Gains have been made in the organization’s 15 years. A 70% drop in youth charged as adults to the current level of about 76,000, according to the campaign’s April report, and a drop of 48% in the number of youth in adult jails or prisons since 2005. Also, 70% of youth charged as adults, according to the report, are now held in youth detention centers.
Many states have waged efforts to shutter youth prisons altogether. Some, including Vermont and South Dakota, have been successful, while others, including New York, have moved to “closer-to-home” policies that entail closing down large facilities to create more therapeutic approaches for youth. California and Texas have closed large facilities, but advocates argue they traded the warehouse-type of detention for smaller, more local prisons — but prisons, nonetheless. Washington, D.C., has taken a similar approach, closing a large prison and creating a smaller center for minors.
According to Mistrett, shifting some minors back to youth facilities can have a big influence on troubled youth in detention because they’re people to look up to.
“These people are like [role] models,” she said. “They’re a little bit older, they get the system, they get the programming, they can help calm the younger kids down. They’re like, you know, they want to stay there as long as possible because they know what the alternative is. And they really want to show that they can turn their lives around.”
But too often, Mistrett and others say, society, law enforcement and the staff of juvenile facilities view youth under their watch as “monsters, animalistic … And the other thing around all of this is, when we see a black child or a Latino child with a gun, any sense of childhood gets thrown out, and any concept of childhood gets thrown out of the window. They’re assumed to be so bad.”
And so, the cycle continues of young people getting into trouble in school, which draws in police, who arrest them, giving them a record. And, if not diverted to a community or some other alternative program, or teen court, these youth can end up in detention.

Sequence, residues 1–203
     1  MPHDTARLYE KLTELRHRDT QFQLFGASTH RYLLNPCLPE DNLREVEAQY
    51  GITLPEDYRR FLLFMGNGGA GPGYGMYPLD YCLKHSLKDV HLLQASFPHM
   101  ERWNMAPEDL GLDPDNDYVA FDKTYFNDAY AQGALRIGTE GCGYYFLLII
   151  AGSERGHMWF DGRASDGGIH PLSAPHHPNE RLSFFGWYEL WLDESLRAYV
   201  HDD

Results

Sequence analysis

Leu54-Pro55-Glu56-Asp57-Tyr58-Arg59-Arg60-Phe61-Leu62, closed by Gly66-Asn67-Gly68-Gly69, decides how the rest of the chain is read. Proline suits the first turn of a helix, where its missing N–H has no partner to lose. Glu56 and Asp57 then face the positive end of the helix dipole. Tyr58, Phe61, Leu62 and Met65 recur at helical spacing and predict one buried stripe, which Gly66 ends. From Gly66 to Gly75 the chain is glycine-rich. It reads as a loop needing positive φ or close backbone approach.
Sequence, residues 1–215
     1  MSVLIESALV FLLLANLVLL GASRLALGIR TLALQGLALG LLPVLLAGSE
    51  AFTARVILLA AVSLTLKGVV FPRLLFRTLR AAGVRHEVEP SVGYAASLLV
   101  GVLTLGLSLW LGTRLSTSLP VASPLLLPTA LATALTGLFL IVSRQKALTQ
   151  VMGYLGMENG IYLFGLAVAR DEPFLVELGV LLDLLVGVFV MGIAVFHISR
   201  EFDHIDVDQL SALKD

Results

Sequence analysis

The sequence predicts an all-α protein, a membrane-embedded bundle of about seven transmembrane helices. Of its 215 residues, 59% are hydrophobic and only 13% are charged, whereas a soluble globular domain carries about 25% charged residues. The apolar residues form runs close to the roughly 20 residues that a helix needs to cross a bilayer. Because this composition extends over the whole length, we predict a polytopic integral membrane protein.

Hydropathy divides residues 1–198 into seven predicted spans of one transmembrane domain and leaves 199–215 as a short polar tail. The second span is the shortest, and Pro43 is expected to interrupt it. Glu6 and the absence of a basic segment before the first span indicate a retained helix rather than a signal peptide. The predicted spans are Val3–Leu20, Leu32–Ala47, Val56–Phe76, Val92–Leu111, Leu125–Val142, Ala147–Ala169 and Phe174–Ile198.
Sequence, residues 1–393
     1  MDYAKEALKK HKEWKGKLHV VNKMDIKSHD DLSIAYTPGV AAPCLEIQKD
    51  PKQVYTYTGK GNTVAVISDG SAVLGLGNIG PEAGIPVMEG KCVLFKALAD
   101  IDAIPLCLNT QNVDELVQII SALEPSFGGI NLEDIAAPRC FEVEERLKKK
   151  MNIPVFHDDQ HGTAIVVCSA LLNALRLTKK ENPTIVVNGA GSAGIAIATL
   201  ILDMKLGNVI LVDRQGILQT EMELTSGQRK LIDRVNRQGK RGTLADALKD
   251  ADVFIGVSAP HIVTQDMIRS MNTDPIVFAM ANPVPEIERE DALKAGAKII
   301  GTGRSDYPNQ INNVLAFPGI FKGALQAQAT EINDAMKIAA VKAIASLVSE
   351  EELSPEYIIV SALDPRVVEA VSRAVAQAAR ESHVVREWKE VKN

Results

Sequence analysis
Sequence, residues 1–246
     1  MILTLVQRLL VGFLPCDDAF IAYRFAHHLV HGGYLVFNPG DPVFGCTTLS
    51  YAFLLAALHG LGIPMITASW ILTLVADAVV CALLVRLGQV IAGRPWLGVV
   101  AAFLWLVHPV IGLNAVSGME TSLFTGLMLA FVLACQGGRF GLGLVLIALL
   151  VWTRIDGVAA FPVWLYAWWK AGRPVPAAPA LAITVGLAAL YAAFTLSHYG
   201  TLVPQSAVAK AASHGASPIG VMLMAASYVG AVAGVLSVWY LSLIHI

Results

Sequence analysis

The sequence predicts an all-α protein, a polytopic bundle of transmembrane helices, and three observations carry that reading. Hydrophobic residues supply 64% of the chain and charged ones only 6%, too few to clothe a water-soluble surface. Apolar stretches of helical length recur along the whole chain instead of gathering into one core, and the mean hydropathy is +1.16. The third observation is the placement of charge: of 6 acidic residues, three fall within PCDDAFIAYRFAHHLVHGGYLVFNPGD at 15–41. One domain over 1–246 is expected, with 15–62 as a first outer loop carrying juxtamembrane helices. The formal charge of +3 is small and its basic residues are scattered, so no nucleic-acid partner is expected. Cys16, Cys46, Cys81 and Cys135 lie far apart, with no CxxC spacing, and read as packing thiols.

“A whole menu of things has been done,” Mistrett said. “[But] whether it’s draining the flow going in [detention] on the front end, or keeping kids out on the back end, there’s a whole menu of things that are still being pursued.”
Ryan agrees much more work needs to be done, including on raise the age. While New York and North Carolina became the last states to lower the age of youth from 18, some states, she said, need to act on getting rid of the 17-year-old cutoff.
“They were the last to raise the age to any automatic prosecution of all 16- and 17-year-olds,” she said of New York and North Carolina. “Wisconsin, Texas and Georgia still automatically prosecute all 17-year-olds.”
Also, there’s no national uniformity in terms of who signs off on the transfer from juvenile to adult jurisdiction. In some states, it’s the prosecutor’s office that decides; in others, it’s a judge. And it depends on the charge. There is no uniformity there, as some states, including North Carolina, automatically transfer depending on the severity of the charge — such as murder or sexual assault.
So, there are exceptions to the raise the age laws that advocates believe need to be erased.
“We’re shutting the door, but it isn’t quite all the way shut,” Ryan said. “That’s still on the agenda of things that are being worked on. In some states, they need to really narrow that door even more — as much as possible.”
Asked if that door could ever be shut, Ryan said, “I think so,” pointing to opinion polls showing people are in favor of more treatment over harsh penalties for juveniles.